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2010: A Kitchen Odyssey

My kitchen was a total grandma kitchen.  Off-white cabinets, a single fluorescent light fixture down the middle of the ceiling, tiny little oven not located under the stove, white laminate countertops...not really what I want.  Katie and I decided that we'd tackle a remodeling job, and the kitchen seemed like the best candidate.  New countertops, new fridge, painted cabinets, new could happen.  First up was cabinets, because that seemed easy enough.  Some new paint, new hardware, and they'd be good to go.  I numbered the doors with masking tape, drew up a little map to remind myself of which doors went where, and began to tear everything down.

Disassembly went well.  We emptied all the cabinets quickly enough.  The hinges and knobs came off in less than an hour, and since we were going to try for the nice European-style concealed hinges and some fancy new IKEA LANSA handles, clearly all of the holes had to be filled and sanded.  Massive quantities of wood filler were utilized.  Katie and I knocked out the painting of the frames in a weekend.  We even painted the door into the garage and the one kitchen window.  It looked great.  I bought a Bosch random orbital sander that was a ton of fun to play with, and I filled my eating area with cabinet doors.  For some reason, the amount of sheer area that the doors would take up never crossed my mind, but I now know that you could probably roof a house with the wood necessary to build 23 cabinet doors.

Cabinet doorsMany a night was spent putting coats of Bistro White paint on these boards.  The frustrating thing about painting white over pale yellow is that it never really looks any different, so it's difficult to see what the final product might look like.  After the paint dried, it was time to try the 5/8" overlay, face frame hinges that I had bought from Home Depot.  I had done my homework on concealed hinges, so I was pretty sure that I could handle it.

Cabinets pre-hanging

Ready for hanging.

Nope.  My cabinets had a 3/8" overlay.  I trucked the hinges back to Home Depot, looked around, and realized that they didn't sell the 3/8" variety.  Rockler to the rescue!  I bought 22 packs of these bad boys and waited a week with baited breath.  The night they came, I raced home from work and drilled out a sample cabinet.  After hanging it on the frame, I quickly realized that these were completely wrong.  Apparently, I needed these - and for $25 a pair, that wasn't happening.

Option #2 was semi-concealed hinges.  "Use on doors with 3/8 lip," it says.  What it doesn't say is that these hinges will move the door over 1/8" and shift the door out of the frame an equal amount, so it won't close all the way.  Box #2 was heading back to Rockler.  Home Depot had a few boxes of self-closing hinges that looked identical to the shiny gold numbers I removed, so I drove over in a huff, bought all that I could find, and came back to the house to discover that they too shifted the door out of the frame.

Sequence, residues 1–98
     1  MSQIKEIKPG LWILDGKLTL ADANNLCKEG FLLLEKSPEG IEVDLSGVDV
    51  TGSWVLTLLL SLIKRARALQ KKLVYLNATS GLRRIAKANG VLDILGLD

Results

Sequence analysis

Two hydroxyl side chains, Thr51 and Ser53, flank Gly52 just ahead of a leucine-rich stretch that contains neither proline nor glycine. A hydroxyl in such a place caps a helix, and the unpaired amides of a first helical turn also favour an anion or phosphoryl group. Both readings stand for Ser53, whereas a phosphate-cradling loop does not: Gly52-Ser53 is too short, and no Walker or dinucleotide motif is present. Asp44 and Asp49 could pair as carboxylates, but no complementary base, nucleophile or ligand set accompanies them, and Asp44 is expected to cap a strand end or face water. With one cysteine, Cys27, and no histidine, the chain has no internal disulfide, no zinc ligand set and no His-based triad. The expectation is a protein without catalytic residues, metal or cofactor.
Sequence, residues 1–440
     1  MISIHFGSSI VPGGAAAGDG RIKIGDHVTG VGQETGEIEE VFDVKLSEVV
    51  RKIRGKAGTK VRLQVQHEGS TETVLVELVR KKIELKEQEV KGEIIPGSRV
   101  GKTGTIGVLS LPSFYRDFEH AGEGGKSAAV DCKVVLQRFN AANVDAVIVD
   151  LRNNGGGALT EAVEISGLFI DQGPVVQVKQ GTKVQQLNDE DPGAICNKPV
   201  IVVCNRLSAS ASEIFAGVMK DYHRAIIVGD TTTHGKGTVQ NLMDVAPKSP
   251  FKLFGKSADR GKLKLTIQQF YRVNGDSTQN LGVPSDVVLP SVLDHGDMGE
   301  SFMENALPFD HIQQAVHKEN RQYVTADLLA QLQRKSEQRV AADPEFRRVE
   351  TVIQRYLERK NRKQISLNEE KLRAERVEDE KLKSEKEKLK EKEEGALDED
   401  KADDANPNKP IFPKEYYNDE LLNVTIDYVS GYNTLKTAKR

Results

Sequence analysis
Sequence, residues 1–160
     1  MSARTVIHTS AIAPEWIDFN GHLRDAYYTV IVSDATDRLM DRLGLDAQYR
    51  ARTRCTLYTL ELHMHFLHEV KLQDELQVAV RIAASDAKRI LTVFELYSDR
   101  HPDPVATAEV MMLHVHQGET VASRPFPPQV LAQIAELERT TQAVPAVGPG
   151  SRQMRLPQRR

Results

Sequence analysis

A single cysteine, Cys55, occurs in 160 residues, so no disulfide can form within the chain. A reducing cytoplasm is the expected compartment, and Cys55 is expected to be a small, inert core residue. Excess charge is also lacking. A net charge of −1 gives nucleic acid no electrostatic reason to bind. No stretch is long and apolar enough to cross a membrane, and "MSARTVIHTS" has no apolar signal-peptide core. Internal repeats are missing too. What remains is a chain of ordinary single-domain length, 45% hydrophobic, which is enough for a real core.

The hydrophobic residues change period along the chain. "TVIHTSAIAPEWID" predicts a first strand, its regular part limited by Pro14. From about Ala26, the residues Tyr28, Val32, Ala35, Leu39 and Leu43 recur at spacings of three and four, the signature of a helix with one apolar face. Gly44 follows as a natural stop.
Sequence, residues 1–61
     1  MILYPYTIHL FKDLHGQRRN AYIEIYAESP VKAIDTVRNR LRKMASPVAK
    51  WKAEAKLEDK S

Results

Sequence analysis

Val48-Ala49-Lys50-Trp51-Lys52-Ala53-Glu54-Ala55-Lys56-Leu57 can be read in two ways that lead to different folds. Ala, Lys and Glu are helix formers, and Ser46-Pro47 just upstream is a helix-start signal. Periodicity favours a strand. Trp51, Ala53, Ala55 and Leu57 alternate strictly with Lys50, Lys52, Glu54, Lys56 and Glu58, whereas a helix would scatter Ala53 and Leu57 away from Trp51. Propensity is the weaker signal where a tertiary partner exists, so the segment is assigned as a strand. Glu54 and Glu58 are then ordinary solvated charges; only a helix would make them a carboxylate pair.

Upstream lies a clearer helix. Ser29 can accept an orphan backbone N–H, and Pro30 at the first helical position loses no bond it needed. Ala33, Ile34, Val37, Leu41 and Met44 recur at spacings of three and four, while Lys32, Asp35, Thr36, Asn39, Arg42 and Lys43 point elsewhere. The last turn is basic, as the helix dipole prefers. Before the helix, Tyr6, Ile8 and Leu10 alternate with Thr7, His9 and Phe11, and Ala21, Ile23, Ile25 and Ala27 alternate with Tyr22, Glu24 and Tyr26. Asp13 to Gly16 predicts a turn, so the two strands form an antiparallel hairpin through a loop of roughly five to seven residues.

Cabinet gap

Look on my works, ye mighty, and despair!

Clearly, this wouldn't work.  The hinges went back in the bag and back to Home Depot where I was laughed at by the girl working the Returns counter.  "Next time, you should only buy one or two to see if they work."  Sage advice, to be sure.  I ended up buying the exact same hinges that were on the cabinets in the first place, but in a satin nickel finish this time.  All of the hole-puttying and sanding was for naught, at least in the hinge area.

Cabinets hung

Finally, it was time for hardware.  I made a delightful little template out of cardboard and a ruler that I taped to the store-bought template, which proved to be too small to accommodate the gigantic handles we had picked out.  After trying it out on some scrap wood, I nervously drilled through the first door, set up the handle, actually fit.  It was straight, the holes were in the right place, and the planets aligned.  It couldn't have taken more than two hours to mark and drill the holes and attach the handles to the entire kitchen.A finished cabinetI'm currently working on screwing in all the little magnetic plates that hold the cabinet doors shut, since some moron didn't take the time to level them all when he hung them on the frames.

Cabinets with hardwareThe observant reader will note that two doors are not hung.  The cabinet door on the bottom is the one that I had experimented with concealed hinges on, and as a result had two enormous holes in the back that had to be reputtied.  The door on the top, for some reason, won't go back into its spot.  It's like the microwave has swollen on top, and so I'm not really sure what to do there.  I might fix it one day.

Cabinets with hardware, part deuxNext up: countertops.  Luckily for my sanity, I'm not even going to entertain the idea of installing those myself.  Hopefully, I'll be able to provide an update sooner rather than later.